Verconia sp. #4
|Maximum size: 21 mm.
body that is typically pale peach
medially (more obviously so as the animal grows in size). An
opaque white stripe in the center of the notum is almost always
continuous and a magenta line
encircles the mantle inside the white mantle margin. The rhinophore
lamellae are orange, becoming red-orange near the tips, and the gills
translucent with orange on the outer edges. It can be distinguished
varians by its
unbroken white mid-dorsal stripe and its orange-tipped rhinophores and
Verconia sp. #4 is a
moderately rare species typically found on rocky bottoms, either in the
open or on shaded walls, at depths of 3-26 m
(10-85 ft). It occurs at moderately exposed to highly exposed sites
and feeds on a light gray to cream sponge that is often difficult to see
due to other invertebrate growth. (Note 1) On a few occasions, several animals
been observed on a host sponge for over two months, frequently huddled
next to each other. (see photo) The spiral egg mass is white and a 13 mm animal
laid a 6 mm diameter mass that hatched in about seven days in the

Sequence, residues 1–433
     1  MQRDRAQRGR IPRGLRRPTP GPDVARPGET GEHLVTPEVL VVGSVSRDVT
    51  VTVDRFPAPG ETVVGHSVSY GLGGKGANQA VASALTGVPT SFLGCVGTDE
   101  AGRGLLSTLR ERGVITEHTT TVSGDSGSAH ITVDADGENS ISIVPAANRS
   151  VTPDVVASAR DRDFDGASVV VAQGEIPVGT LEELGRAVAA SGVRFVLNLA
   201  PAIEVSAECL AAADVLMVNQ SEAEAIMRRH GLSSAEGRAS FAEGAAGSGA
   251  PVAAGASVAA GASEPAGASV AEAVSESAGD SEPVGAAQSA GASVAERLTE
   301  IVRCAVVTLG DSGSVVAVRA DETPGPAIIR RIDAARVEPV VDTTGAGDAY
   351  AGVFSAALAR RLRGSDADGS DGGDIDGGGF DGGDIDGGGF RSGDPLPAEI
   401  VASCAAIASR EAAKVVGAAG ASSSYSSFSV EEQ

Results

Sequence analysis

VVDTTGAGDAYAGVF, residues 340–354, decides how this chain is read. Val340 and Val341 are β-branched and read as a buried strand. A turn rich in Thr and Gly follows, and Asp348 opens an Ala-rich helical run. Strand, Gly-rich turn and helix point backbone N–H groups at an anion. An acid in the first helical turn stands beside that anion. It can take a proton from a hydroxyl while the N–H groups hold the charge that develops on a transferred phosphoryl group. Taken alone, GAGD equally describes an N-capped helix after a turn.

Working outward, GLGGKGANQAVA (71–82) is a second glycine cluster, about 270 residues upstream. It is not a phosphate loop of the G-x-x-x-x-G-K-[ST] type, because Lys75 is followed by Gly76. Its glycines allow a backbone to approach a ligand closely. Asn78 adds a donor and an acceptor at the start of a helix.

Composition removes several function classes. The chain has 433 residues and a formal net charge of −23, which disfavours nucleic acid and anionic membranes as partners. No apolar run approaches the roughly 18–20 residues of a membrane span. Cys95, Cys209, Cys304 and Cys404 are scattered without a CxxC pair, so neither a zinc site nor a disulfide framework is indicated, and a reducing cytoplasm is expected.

Big Island, Maui, Oahu, Kauai and French Frigate Shoals.
gloriosa (Bergh, 1874) in Bertsch and Johnson, 1981 (top photo)
and was first recorded in Hawaii from Pupukea, Oahu by Scott Johnson on
March 22, 1978. It's listed in many sources as a Noumea sp.
Mike & Dan
Cesere: 17 mm; resting pair: Molokini Islet, Maui; July 24, 2008.
Observations and comments:
1: Available photos show the species
in association with cream and light gray sponges that are similar in
texture suggesting that they are color variants of the same species (or
closely related). The sponge that the young animal appears to be eating
in the first feeding photo is consistent with other sponges photographed in association with Verconia
sp. #4. That supports the conclusion that it is actually feeding on that
species even though other sponges are in close proximity on the rock.